I’m not sure I’m ready for another revolution. We’ve had the computer revolution, then the globalization revolution. Next on deck is the robotics revolution; or so says Thomas L. Friedman of the New York Times.
Robotics, that’s robots. When I think robots, I think of clunky, lights-flashing creatures that talk in monotonic loops and end up walking into walls, falling over and overheating. Today, that is only one type of robot, the so called “humanoid” robot,’ but what an improvement there has been. Take the NAO robot from Alderan Labs. The YouTube videos show it dancing to Michael Jackson, interrupting its master to tell stories, and even fishing socks out of a basket to attract attention. Who needs a cat when your robot never needs its litter changed and can talk back in English? There’s a song to be written for Barbra Streisand there: “People, people who need humanoid robot companions.”
There’s no doubt a big future for humanoid robots. Friedman gushes that a robot can conduct a symphony orchestra in the morning and does the household chores in the afternoon. Great for clumsy, untidy conductors: I suspect that most of us would be happy just to have a robot to do the dishes.
The broader swath of progress is in robots that aren’t necessarily built to resemble humans, but that can be programmed to become dextrous and eliminate industrial functions otherwise performed by humans. And there is no doubt about their effectiveness. I watched a video of the Mini Cooper production line in England. Robotic arms join, weld and paint at a furious rate. It seems like the only thing that is left to the human staff is to give each vehicle a little tender buffing before it leaves the shop.
There is, however, the small matter of lost jobs. A Philips Electronics plant in the Netherlands has 128 robotic arms to do the same work with “yoga-like flexibility” that ten times as many workers do by hand at another company plant. According to one expert, one robot can replace two skilled North American manufacturing workers, pay for itself within three years and over the life of the robot, deliver millions of dollars in cost savings. With statistics like that, any employer is going to say ‘love those robots.’ Don’t forget, the Chinese are just waiting to pounce. Here’s what the president of Foxconn, the Chinese iPhone assembler, has to say about his plan to add both thousands of additional workers and a million new robots. “As human beings are also animals, to manage one million animals gives me a headache.” He’s casting his lot with the robots.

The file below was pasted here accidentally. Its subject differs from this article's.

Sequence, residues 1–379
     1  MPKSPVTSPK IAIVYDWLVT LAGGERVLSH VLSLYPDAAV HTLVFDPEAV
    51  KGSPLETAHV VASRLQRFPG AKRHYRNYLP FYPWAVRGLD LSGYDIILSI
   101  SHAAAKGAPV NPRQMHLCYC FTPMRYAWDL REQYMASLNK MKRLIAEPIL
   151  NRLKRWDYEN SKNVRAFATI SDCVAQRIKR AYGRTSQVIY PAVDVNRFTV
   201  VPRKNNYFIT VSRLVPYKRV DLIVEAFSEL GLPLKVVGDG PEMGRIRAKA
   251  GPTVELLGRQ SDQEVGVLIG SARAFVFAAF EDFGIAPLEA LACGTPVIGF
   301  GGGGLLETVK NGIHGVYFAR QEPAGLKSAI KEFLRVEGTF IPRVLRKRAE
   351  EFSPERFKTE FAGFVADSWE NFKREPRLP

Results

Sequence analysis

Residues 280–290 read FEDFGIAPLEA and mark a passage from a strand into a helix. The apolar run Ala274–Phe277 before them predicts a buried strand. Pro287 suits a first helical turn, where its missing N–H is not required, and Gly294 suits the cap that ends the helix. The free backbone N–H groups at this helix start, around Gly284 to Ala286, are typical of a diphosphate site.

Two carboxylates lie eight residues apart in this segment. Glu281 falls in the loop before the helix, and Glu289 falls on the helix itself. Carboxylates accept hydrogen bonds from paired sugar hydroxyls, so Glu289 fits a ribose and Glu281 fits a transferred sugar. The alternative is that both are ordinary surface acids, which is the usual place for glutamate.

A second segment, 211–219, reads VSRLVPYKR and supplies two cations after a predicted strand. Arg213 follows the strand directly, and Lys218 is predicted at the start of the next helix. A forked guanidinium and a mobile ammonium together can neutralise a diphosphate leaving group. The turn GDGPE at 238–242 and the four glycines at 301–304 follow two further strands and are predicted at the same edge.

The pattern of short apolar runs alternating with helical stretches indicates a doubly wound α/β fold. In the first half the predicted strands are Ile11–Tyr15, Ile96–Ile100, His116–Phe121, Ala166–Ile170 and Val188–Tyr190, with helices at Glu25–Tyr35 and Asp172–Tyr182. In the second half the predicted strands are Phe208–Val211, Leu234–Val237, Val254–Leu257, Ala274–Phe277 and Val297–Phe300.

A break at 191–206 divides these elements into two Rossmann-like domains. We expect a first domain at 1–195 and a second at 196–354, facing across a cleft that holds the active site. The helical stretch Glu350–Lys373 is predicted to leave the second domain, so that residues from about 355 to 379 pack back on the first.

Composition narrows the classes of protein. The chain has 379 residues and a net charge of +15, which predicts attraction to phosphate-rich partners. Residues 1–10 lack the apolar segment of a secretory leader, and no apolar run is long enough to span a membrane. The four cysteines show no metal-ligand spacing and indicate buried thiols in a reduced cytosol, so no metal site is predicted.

No doubt the robotics revolution will create some jobs in programming and repairing robotics. But surely it won’t be long until we’ll be programming robots to program and repair robots; and so on until we end up, well, just as people who give a little tender buffing to the robots who run the show. Maybe, considering how our financial markets tanked courtesy of computerized trading programs, we’re already in that era.
To put the boots to us when we’re down, just up the road come avatars, which are, according to the Canadian Press, “virtual assistants, which will soon dominate customer service.” The upside: they deliver a consistent message and they’re never in a bad mood. We’re going to start finding them at airports, shopping malls, hospitals, governments, wherever you want to ask such questions as “when is garbage day?” or “where can I walk my dog?”. You can create an image, or even a hologram, of whatever person you like to do the speaking, although, presumably, you wouldn’t have a doctor telling you which day is garbage day.
The challenge, admitted a technology analyst, is that it will “probably put some people out of work.” Yes, I would say that’s right.
How many revolutions can we take in quick succession? They haven’t made life any easier. Instead, change happens to us so fast, to manage it thoughtfully has gone beyond our control. Employment wise, we find ourselves forced on to one of three paths, each bringing its unique stresses: we have the all-consuming skill/knowledge job; the not-enough-to-live-on McJob or the nothing-to-live-on no-job. The no-job is riding up the charts with a bullet, the McJob has got the wind in its sails, and the number of skill/knowledge jobs is probably shrinking. Something has to give.
If only we could turn back the clock and bring back those, in retrospect harmless, overheated robots that bumped into walls and fell over. Them, I could cope with.
Some readers seem intent on nullifying the authority of David Simmonds. The critics are so intense; Simmonds is cast as more scoundrel than scamp. He is, in fact, a Canadian writer of much wit and wisdom. Simmonds writes strong prose, not infrequently laced with savage humour. He dissects, in a cheeky way, what some think sacrosanct. His wit refuses to allow the absurdities of life to move along, nicely, without comment. What Simmonds writes frightens some readers. He doesn't court the ineffectual. Those he scares off are the same ones that will not understand his writing. Satire is not for sissies. The wit of David Simmonds skewers societal vanities, the self-important and their follies as well as the madness of tyrants. He never targets the outcasts or the marginalised; when he goes for a jugular, its blood is blue. David Simmonds, by nurture, is a lawyer. By nature, he is a perceptive writer, with a gimlet eye, a superb folk singer, lyricist and composer. He believes quirkiness is universal; this is his focus and the base of his creativity. "If my humour hurts," says Simmonds,"it's after the stiletto comes out." He's an urban satirist on par with Mike Barnacle, the late Jimmy Breslin and Mike Rokyo and, increasingly, Dorothy Parker. He writes from and often about the village of Wellington, Ontario. Simmonds also writes for the Wellington "Times," in Wellington, Ontario.
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